The Pfalz and Rhine Terrace

We’ve compiled the best of the best in The Pfalz and Rhine Terrace - browse our top choices for the top things to see or do during your stay.

Sort by: 49 Recommendations {{numTotalPoiResults}} {{ (numTotalPoiResults===1)?'Recommendation':'Recommendations' }} 0 Recommendations
  • 1. Burg Trifels

    Burg Trifels is on the highest of three sandstone bluffs overlooking Annweiler, 15 km (9 miles) northwest of Gleiszellen. Celts, Romans, and Salians all had settlements on this site, but it was under the Hohenstaufen emperors (12th and 13th centuries) that Trifels was built on a grand scale. It housed the crown jewels from 1125 to 1274 (replicas are on display today). It was also an imperial prison, perhaps where Richard the Lion-Hearted was held captive in 1193–94. Although it was never conquered, the fortress was severely damaged by lightning in 1602. Reconstruction began in 1938, shaped by visions of grandeur to create a national shrine to the imperial past. The monumental proportions of some parts of today's castle bear no resemblance to those of the original Romanesque structure. The imperial hall is a grand setting for summer concerts. On foot: From Annweiler, follow the local signs for Burg Trifels. The hike is about an hour. By car: Follow the A-65 in the direction of Karl-Ludwigshafen, take exit Landau-Süd, then B-10 to Annweiler west. From there follow the local signs. Parking is at the foot of the fortress, a 20-minute walk from the top.

    Burg Trifels
    - 06346 - 8470

    Sight Details

    Rate Includes: €4.50, Closed Dec. and Jan. Closed weekdays Feb.–mid-Mar. and Nov. Closed Mon. mid-Mar.–Oct.
  • 2. Dom

    This cathedral's interior is a virtual sculpture gallery of elaborate monuments and tombstones of archbishops, bishops, and canons, many of which are significant artworks in their own right. Emperor Otto II began building the oldest of the Rhineland's trio of grand Romanesque cathedrals in 975, the year in which he named Willigis archbishop and chancellor of the empire. Henry II, the last Saxon emperor of the Holy Roman Empire, was crowned here in 1002, as was his successor, Konrad II, the first Salian emperor, in 1024. In 1009, on the very day of its consecration, the cathedral burned to the ground. It was the first of seven fires the Dom has endured. Today's cathedral dates mostly from the 11th to 13th century. During the Gothic period, remodeling diluted the Romanesque identity of the original; an imposing baroque spire was added in the 18th century. Nevertheless, the building remains essentially Romanesque, and its floor plan demonstrates a clear link to the cathedrals in Speyer and Worms. Individual and group tours can be arranged through the Tourist Service Center.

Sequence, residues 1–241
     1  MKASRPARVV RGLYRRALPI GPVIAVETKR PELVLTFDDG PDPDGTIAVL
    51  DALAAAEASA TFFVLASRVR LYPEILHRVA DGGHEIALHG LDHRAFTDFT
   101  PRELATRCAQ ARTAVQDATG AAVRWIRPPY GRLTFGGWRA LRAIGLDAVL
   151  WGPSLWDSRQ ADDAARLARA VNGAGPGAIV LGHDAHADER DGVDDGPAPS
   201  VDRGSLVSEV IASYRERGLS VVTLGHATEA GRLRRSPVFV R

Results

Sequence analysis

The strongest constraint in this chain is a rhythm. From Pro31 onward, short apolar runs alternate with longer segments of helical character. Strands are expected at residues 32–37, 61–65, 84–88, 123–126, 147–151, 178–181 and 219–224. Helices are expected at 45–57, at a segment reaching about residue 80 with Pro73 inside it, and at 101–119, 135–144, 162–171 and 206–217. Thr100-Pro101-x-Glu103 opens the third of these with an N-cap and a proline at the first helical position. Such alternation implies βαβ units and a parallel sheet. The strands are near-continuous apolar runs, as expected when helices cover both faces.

Domstr. 3, Mainz, Rheinland-Pfalz, 55116, Germany

    Sight Details

    Rate Includes: Donations requested
  • 3. Jewish Quarter

    Speyer was an important medieval Jewish cultural center. Behind the Palatinate Historical Museum is the Jewish quarter, a UNESCO World Heritage site since 2021, where you'll find synagogue remains from 1104; Germany's oldest (circa 1126) ritual baths, the 33-foot-deep Mikwe; and the Museum SchPIRA, which displays objects such as gravestones and coins from the Middle Ages.

    Kleine Pfaffeng. 21
    - 06232 - 291–971 - Museum SchPIRA

    Sight Details

    Rate Includes: €3, Closed Sun. Nov.–Mar.
  • 4. Kaiserdom

    The Kaiserdom, one of the finest Romanesque cathedrals in the world and a UNESCO World Heritage site, conveys the pomp and majesty of the early Holy Roman emperors. It was built between 1030 and 1061 by the emperors Konrad II, Henry III, and Henry IV. The last replaced the flat ceiling with groin vaults in the late 11th century, an innovative feat in its day. A restoration program in the 1950s returned the building to almost exactly its original condition. The four towers symbolize the four seasons and the idea that the power of the empire extends in all four directions. Look up as you enter the nearly 100-foot-high portal; it's richly carved with mythical creatures. In contrast to Gothic cathedrals, whose walls are supported externally by flying buttresses, allowing for a minimum of masonry and a maximum of light, at Speyer the columns supporting the roof are massive. You can climb the 304 steps of the southwest tower (access Apr.–Oct.) to reach the viewing platform, from where there is a splendid panorama. Another highlight is the Krypta which lies beneath the chancel. It's the largest crypt in Germany and is strikingly beautiful in its simplicity. Four emperors, four kings, and three empresses are buried here.

    Edith-Stein-Pl. 4
    - 06232 - 102–120

    Sight Details

    Rate Includes: Crypt €3.80; audio guide €8.50; tower €6; combined ticket for access to crypt, tower and audio guide €12
  • 5. Oppenheimer Kellerlabyrinth

    Beneath Oppenheim's surface, there are five layers of cellars, tunnels, and stairways. Thought to have been built in the 14th century, their purpose remains unknown. Of the 40 km (24 miles) of complex underground passageways, today ¾ km (½ mile) is open to the public; contact the Oppenheim tourist office to arrange a tour.